Car seat safety: Frayed harness leaves child unprotected

An Ontario man is questioning the safety of his daughter's Evenflo Symphony car seat, after he says he found the harness used to strap her in completely severed.

Evenflo says rodents chewed through strap, but father concerned about safety

Aaron Saltzman reports on safety concerns after a father found a frayed car seat harness 2:21

An Ontario man is questioning the safety of his daughter's Evenflo Symphony car seat, after he says he found the harness used to strap her in completely severed.

It happened in January, as Rob Reed was driving his two children — Avery, 4, and Grayson, nine months — to his daughter's pre-school.

  • Have you had an incident with a faulty car seat? Contact aaron.saltzman@cbc.ca to tell your story

"We were about halfway there," Reed said. "My daughter said 'Hey Dad, there's something wrong with my car seat.'"

If we were to get into a serious accident and it snapped because it had been damaged up to the point where she could pull it out with her hands, I don't even want to think about what could have happened.- Rob Reed

Reed pulled over, got out of the car, and looked in the back seat.  He says the strap attached to the five point harness had frayed completely through and was hanging loose.  Avery was holding up the frayed end in her hand.

Reed says there is no way to know how long ago the strap was damaged.

"It's incredibly dangerous," Reed said.  

"If we were to get into a serious accident and it snapped because it had been damaged up to the point where she could pull it out with her hands, I don't even want to think about what could have happened. It would be as if she wasn't [in] a car seat at all." 

With two children and just one working car seat, Reed — who is on parental leave from his job as an electronics engineering technologist — had to call his wife at work and get her to come pick up their daughter.

Reed's Evenflo Symphony car seat has a Model number 3451881C, with a manufacture date of 2010/12/03
and an expiry date of 2018/12/01.

Rob Reed, left, shows reporter Aaron Saltzman the damaged harness on an Evenflo Symphony car seat. (CBC)
Reed called Evenflo the next day and spoke with someone in the customer service call centre.

She told him, "It's not a common issue we hear of, with a strap breaking like that."

Even though the one-year warranty had expired on Reed's car seat, she offered to send him a replacement seat, provided he sent back his original seat and paid for the cost of shipping, about $35 US.

Last month, Evenflo voluntarily recalled more than 1.3 million car seat buckles due to the risk children could not be removed quickly during an emergency.

No Canadian recall

According to Transport Canada's website, there has not been a recall of the Evenflo Symphony model 3451881C due to problems with the harness fraying. It is not clear whether Transport Canada has received any complaints about this issue. Transport Canada does not list complaints or the number of complaints it receives.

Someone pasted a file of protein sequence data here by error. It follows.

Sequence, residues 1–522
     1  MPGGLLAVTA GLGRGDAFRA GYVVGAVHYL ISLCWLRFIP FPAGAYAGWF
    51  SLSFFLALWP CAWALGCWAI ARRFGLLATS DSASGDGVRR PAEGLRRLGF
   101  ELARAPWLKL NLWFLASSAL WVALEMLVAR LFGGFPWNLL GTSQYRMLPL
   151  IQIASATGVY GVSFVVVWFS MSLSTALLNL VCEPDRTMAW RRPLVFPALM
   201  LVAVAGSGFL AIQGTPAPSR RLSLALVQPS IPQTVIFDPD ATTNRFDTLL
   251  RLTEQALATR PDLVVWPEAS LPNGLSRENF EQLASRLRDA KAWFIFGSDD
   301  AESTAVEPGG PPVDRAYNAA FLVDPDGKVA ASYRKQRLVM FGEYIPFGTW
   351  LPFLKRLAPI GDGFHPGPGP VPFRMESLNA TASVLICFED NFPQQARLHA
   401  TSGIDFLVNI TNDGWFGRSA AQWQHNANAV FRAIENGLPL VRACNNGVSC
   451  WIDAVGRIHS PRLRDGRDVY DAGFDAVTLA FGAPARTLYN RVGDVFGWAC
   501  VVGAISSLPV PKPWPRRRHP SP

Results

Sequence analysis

In the vast majority of these past investigations, the cause of the fraying was determined to be from small rodent damage.- Evenflo

The National Highway Traffic Safety Administration in the U.S. has at least six complaints on file regarding harness belts fraying on Evenflo Symphony Car Seats.

Evenflo says these types of problems are rare, but the company would not say how many complaints it has received related to this issue.

In statement issued to CBC News, Evenflo said: "We have investigated harness webbing fraying complaints of this type in the past and our engineers have universally and conclusively determined that the fraying was not due to any product or processing defect. In the vast majority of these past investigations, the cause of the fraying was determined to be from small rodent damage."

Evenflo says one of its engineers inspected Reed's car seat and found: "Evidence of damage is consistent with rodent damage."

Intense fraying

David Drutz of Kiddie Proofers, a company that sells and installs car seats and specializes in child safety, says he believes it would be possible for a rodent to chew through a car seat strap.

But he says he has never heard of something like this happening before.

"That's intense fraying," Drutz said, "that wasn't from a little clip. The belts are designed when they're cut — because they're multi-layered and they're woven — they don't just split in half and it falls off. That would have taken a lot of time and a lot of wear and tear."

Drutz says the Evenflo Symphony is in the mid- to lower price range among car seats.

Drutz says Kiddieproofers does not carry or sell Evenflo car seats.

Reed has received his replacement seat from Evenflo, but says he will not be installing it in his car.

"We've gotten a competitor's brand," he said. "And I think we're going to use that one."

About the Author

Aaron Saltzman

Senior Reporter, Consumer Affairs

Aaron Saltzman is CBC's Senior Reporter for Consumer Affairs. Tips/Story ideas always welcome. aaron.saltzman@cbc.ca twitter.com/cbcsaltzman

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